Chords in western music are said to be built on intervals of 3rds....
Well, this ignores developments in harmony dating back at least 100 years and with roots all the way back in the middle ages when perfect fourths were considered consonances. Quartal and quintal harmony are quite common today. You can think of triads as being built in thirds, and you can think of seventh chords and extended seventh chords as being build in thirds too. But this approach can be misleading since in practice chord voicings are what matters. In practice, in some circumstances, an extended seventh chord may be voiced without one or several of the notes derived from the stack-of-thirds construction, or the chord may be voiced in one of many inversions, carrying the interval relationships far from the original stack-of-thirds.
This chord can be said to be consonant from a basis of being harmonically pleasant.
That sounds fine; it is one way to define consonance. Others try to define consonance in terms of harmonic ratios. The first approach ("harmonically pleasant") would seem to have the advantage of being ambiguous; intervals that were once considered dissonant have come to be considered consonant, and the perfect fourth was considered consonant, then dissonant, then consonant again!
These two ways of defining dissonance seem to be talking about different things. Maybe we need better terminology here. When I was young I liked sweet foods and didn't like bitter foods; I thought that only sweet foods were delicious. When I was young I liked consonant harmonies and didn't like dissonant harmonies; I thought that only consonant harmonies were pleasing. Now that I am older, I think that bitter foods can also be delicious, and dissonant harmonies can also be pleasing. Maybe the harmonic ratio people have a point, if we could only stop using consonant to mean "pleasing". I guess I'll have to remain uncommitted on this issue.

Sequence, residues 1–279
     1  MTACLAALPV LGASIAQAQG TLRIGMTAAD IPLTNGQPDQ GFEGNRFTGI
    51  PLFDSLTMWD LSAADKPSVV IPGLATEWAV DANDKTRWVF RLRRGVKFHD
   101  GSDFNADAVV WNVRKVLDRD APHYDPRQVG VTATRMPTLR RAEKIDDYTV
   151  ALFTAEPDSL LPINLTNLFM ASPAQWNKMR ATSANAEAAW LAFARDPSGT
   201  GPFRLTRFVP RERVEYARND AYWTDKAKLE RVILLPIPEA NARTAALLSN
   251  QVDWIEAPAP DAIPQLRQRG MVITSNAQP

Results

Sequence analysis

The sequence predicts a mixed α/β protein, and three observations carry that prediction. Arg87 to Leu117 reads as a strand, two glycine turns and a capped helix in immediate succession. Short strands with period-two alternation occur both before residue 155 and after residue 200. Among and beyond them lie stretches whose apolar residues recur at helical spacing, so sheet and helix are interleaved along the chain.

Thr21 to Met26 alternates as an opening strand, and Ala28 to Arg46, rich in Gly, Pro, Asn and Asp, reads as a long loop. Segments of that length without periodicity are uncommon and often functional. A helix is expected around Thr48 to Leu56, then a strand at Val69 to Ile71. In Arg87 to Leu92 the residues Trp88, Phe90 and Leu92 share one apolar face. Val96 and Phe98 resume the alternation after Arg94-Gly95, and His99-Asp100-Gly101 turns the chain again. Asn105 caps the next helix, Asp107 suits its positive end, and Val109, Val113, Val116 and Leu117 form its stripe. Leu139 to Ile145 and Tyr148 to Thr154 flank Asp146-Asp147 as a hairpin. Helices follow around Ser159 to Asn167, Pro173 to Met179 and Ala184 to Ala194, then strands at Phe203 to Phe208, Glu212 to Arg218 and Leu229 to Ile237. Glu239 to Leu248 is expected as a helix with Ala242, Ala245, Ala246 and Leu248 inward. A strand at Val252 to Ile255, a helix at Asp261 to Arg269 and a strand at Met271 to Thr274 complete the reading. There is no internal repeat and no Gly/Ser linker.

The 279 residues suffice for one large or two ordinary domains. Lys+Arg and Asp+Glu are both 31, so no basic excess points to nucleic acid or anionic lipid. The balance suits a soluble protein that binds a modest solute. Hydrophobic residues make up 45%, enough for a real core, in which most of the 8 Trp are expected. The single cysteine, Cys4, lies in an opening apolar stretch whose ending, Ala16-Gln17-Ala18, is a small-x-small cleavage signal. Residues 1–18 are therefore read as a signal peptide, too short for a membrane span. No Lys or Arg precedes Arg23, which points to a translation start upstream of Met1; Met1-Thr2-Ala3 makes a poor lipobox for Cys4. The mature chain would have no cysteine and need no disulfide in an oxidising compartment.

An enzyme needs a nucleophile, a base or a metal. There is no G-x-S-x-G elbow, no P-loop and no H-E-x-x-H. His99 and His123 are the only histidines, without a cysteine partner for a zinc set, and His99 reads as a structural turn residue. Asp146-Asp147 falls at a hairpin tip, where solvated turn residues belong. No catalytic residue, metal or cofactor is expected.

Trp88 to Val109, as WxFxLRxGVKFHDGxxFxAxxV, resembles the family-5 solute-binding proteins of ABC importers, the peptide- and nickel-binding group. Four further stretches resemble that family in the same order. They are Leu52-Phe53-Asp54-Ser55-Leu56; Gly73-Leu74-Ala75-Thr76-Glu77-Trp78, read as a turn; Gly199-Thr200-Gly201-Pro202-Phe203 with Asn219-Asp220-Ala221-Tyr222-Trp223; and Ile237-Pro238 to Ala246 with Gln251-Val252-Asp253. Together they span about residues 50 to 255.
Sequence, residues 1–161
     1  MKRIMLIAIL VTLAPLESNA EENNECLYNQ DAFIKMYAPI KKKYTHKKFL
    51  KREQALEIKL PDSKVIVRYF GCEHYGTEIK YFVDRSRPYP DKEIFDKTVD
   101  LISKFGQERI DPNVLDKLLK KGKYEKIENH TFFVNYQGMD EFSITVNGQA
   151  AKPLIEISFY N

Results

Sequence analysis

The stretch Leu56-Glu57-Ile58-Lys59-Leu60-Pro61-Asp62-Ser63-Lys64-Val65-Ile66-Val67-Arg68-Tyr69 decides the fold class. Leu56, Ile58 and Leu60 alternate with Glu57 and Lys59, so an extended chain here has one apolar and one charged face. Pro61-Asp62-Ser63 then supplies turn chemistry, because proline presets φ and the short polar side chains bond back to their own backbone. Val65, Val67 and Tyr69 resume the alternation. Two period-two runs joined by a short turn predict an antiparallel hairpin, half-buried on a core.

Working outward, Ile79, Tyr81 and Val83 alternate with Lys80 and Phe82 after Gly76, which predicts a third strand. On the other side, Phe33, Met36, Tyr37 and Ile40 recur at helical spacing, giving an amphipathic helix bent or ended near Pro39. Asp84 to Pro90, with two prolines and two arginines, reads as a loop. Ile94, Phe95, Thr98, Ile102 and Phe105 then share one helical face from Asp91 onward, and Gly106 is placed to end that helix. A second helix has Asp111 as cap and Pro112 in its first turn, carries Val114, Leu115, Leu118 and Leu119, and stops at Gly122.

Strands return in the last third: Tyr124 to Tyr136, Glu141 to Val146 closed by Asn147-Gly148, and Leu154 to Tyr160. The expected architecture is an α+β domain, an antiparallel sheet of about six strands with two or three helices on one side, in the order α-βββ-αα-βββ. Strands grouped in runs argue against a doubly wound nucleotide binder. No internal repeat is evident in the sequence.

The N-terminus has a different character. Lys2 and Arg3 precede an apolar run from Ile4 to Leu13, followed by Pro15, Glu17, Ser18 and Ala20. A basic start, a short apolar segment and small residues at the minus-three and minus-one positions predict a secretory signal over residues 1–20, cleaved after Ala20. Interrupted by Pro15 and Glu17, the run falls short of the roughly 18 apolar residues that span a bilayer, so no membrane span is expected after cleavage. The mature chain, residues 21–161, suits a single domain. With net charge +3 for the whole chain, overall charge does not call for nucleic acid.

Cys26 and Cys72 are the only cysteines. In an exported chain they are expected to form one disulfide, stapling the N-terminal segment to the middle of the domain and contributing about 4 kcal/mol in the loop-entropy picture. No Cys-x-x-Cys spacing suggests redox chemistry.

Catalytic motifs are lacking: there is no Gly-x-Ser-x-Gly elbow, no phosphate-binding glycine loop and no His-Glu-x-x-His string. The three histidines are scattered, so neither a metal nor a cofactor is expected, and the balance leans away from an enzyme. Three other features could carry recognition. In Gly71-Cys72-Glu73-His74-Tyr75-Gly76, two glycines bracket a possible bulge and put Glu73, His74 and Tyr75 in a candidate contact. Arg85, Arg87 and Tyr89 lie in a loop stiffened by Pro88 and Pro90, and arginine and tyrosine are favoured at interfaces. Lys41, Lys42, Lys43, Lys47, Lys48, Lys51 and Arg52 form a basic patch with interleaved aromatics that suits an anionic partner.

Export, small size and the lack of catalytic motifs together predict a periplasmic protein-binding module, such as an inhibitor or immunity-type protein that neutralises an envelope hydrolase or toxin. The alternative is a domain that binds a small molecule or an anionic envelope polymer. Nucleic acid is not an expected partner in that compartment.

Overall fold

What is the scientific process behind the selection of intervals in creating a chord?
There isn't one. You can discover one, if you like. Any such process will be much more complicated than coming to grips with thirds, though. Actual chord voicings are complex, may omit notes, may omit the root note, may emphasize dissonant intervals that can be had through inversion or added tones.
As someone who has played and continues to play a lot of chords, I can tell you that I never think anything like "this chord needs to be more dissonant, I'll change it like so to effect that." Different intervals have distinct sounds; you get to know those sounds and combine them as sounds, not as principles. Sometimes the intervals arise as if by magic, because there is a melody line or other linear structure that suggests them. You get to know the sounds of larger chord structures, i.e., specific chord voicings, and alter them to suit an occasion. You learn what things sound like, and you learn to hear better. This is what I meant in an earlier comment when I said "it usually seems better to approach it from a more phenomenological perspective." If you approach music as an exercise in scientific principles (which may or may not exist), you will miss nearly everything important about music. You are creating sounds to be experienced; you had better experience them before anyone else.
Ultimately, how are chords built through the use of intervals, what are the mechanics?